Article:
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Connected my oscilloscope up backwards

Discussion in 'Troubleshooting and Repair' started by gwfami, Apr 17, 2014.

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  1. gwfami

    gwfami

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    Sep 13, 2012
    Ok,
    Made a noob mistake and hooked the + to the - on my oscilloscope (was using 8 1.5 AA cells in series).

    The scope still seems to work, but now the display is about 1/4 the size of the original.

    Looked under the hood and didn't see anything obviously blown.

    Any ideas?

    Thanks,

    GWFAMI.
     
  2. Harald Kapp

    Harald Kapp Moderator Moderator

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    Nov 17, 2011
    Where did you misconnect the batteries? In the battery compartment or in the measurement circuit?
    Which oscilloscope do you use?
     
  3. gwfami

    gwfami

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    Sep 13, 2012
  4. (*steve*)

    (*steve*) ¡sǝpodᴉʇuɐ ǝɥʇ ɹɐǝɥd Moderator

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    I'm not sure how that could have caused a problem.

    Do you mean you connected the ground leads of the two probes to different parts of the circuit having different potentials (and essentially shorted them out via the scope)? Or do you mean something different.

    Unless they were NiCad batteries, or maybe D size alkaline batteries, I can't see this damaging the scope. In the worst case you may have damaged the probes (melted the insulation on them perhaps?)

    A voltage of 12V across the input of a scope shouldn't cause any damage.

    Get your multimeter and measure the resistance across the probes (ground to probe tip) both with the leads disconnected and again with them connected.

    Assuming you get a very high resistance (tell us if you don't) then turn the scope on, set the vertical range for 0.5 to 1V per division and then probe a 1.5V battery. The trace in the screen should jump by between roughly 1.5 and 3 divisions depending on the battery voltage and the vertical sensitivity you've set it for.
     
  5. gwfami

    gwfami

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    Sep 13, 2012
    They say a picture is worth a thousand words, with apologies as to the quality of the photo. Notice how the trace no longer goes to the edge of the screen? Nothing I do will expand the trace back to the sides as it was before. This is what happened when the leads were connected and shorted out via the scope.
     

    Attached Files:

  6. (*steve*)

    (*steve*) ¡sǝpodᴉʇuɐ ǝɥʇ ɹɐǝɥd Moderator

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    Yeah, we get that the scope is badly damaged, but it would be useful to try to determine what caused it. The damage seems not to be confined to the input circuitry (that wouldn't change the beam width)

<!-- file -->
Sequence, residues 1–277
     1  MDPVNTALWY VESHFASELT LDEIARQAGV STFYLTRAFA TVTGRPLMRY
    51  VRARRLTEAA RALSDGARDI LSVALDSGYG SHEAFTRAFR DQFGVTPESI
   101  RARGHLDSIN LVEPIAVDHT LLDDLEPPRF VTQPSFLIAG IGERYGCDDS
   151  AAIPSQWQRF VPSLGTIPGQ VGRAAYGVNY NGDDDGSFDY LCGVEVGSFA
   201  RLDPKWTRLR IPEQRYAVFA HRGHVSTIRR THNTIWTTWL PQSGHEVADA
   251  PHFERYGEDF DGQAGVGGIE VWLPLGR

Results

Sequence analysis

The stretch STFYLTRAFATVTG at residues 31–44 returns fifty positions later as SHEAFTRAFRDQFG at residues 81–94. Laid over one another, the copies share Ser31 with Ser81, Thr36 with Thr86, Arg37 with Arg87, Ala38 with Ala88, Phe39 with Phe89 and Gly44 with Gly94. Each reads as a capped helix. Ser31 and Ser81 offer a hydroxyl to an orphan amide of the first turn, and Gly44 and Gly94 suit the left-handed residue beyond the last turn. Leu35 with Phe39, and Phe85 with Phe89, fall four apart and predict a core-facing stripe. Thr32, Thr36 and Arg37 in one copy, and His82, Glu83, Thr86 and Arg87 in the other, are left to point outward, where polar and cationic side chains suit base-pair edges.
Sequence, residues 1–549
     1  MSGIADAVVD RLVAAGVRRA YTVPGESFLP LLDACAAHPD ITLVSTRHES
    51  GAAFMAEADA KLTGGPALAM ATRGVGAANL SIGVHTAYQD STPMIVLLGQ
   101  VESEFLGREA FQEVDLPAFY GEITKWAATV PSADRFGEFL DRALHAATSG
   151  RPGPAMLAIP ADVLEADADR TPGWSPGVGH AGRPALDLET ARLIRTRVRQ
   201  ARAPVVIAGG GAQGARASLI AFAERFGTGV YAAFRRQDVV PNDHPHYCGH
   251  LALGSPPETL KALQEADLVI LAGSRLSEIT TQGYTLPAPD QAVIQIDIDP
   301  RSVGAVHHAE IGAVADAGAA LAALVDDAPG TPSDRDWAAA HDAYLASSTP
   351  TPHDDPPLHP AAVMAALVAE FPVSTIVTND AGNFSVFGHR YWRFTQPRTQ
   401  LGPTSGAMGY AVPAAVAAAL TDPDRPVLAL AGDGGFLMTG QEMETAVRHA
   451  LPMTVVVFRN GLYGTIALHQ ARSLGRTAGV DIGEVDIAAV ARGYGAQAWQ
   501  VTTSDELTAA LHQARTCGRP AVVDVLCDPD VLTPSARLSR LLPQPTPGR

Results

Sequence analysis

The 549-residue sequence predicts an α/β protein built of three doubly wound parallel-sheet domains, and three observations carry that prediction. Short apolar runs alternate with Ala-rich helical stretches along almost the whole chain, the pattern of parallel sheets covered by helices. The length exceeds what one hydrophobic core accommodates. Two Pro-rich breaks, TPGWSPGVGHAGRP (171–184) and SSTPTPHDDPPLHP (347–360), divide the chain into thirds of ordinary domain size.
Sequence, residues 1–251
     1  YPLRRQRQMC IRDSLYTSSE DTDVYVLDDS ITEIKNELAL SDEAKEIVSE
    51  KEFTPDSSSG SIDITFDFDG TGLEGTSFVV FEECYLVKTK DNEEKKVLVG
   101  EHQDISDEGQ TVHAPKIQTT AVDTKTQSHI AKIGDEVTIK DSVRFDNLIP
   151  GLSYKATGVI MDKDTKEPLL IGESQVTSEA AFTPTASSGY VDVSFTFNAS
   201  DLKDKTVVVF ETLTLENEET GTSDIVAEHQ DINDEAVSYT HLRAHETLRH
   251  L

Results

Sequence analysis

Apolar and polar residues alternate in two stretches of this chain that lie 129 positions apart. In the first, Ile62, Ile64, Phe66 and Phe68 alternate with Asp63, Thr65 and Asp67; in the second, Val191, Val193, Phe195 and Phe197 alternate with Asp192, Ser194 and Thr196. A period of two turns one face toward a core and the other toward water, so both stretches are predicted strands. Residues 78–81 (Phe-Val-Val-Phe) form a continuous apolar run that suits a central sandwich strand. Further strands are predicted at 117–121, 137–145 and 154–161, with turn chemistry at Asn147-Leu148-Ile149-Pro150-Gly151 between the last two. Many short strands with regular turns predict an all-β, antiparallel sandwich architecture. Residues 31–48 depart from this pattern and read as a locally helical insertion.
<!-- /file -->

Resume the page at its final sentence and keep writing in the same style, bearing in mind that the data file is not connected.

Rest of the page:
We really need to know *exactly* what you did. Pictures would be good.

    Did you take the measurements I asked you to take?

    Did you try the test I suggested?

    I need answers to the questions I ask or I'm simply not going to be able to help you.
     
  7. gwfami

    gwfami

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    Sep 13, 2012
    Get your multimeter and measure the resistance across the probes (ground to probe tip) both with the leads disconnected and again with them connected.
    --1 probe > 2000k, other probe around 1000k disconnected.
    --1 probe < 2000k, other probe around 1000k connected.


    Assuming you get a very high resistance (tell us if you don't) then turn the scope on, set the vertical range for 0.5 to 1V per division and then probe a 1.5V battery. The trace in the screen should jump by between roughly 1.5 and 3 divisions depending on the battery voltage and the vertical sensitivity you've set it for
    -- Trace does not jump vertically, but moves horizontally.
    -- intensity and y position knob does nothing.
    -- machines smells faintly of "electricity", not burning nor ozone, just "hot" smell.

    It's actually been a while since I blew up the machine. I was working on a circuit that runs 12V at 7 Amp or so (8 fresh AA in series), and hooked the ground to the positive on the circuit, then used the probe to check the circuit. When I hit a direct line to the negative terminal, there was a pop and things quit working. Sorry, that's all I remember.

    Sorry, no pictures as my phone is AWOL at the present.

    Anything else I can provide?
     
  8. (*steve*)

    (*steve*) ¡sǝpodᴉʇuɐ ǝɥʇ ɹɐǝɥd Moderator

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    That is all useful information. It seems you have both a vertical and horizontal problem.

    The fact that it smells "hot" suggests that there is something bad happening inside.

    *WARNING* the device probably generates 10,000 to 20,000 volts inside. It BITES HARD. It won't kill you (probably), but it will make you sit up and take very special notice.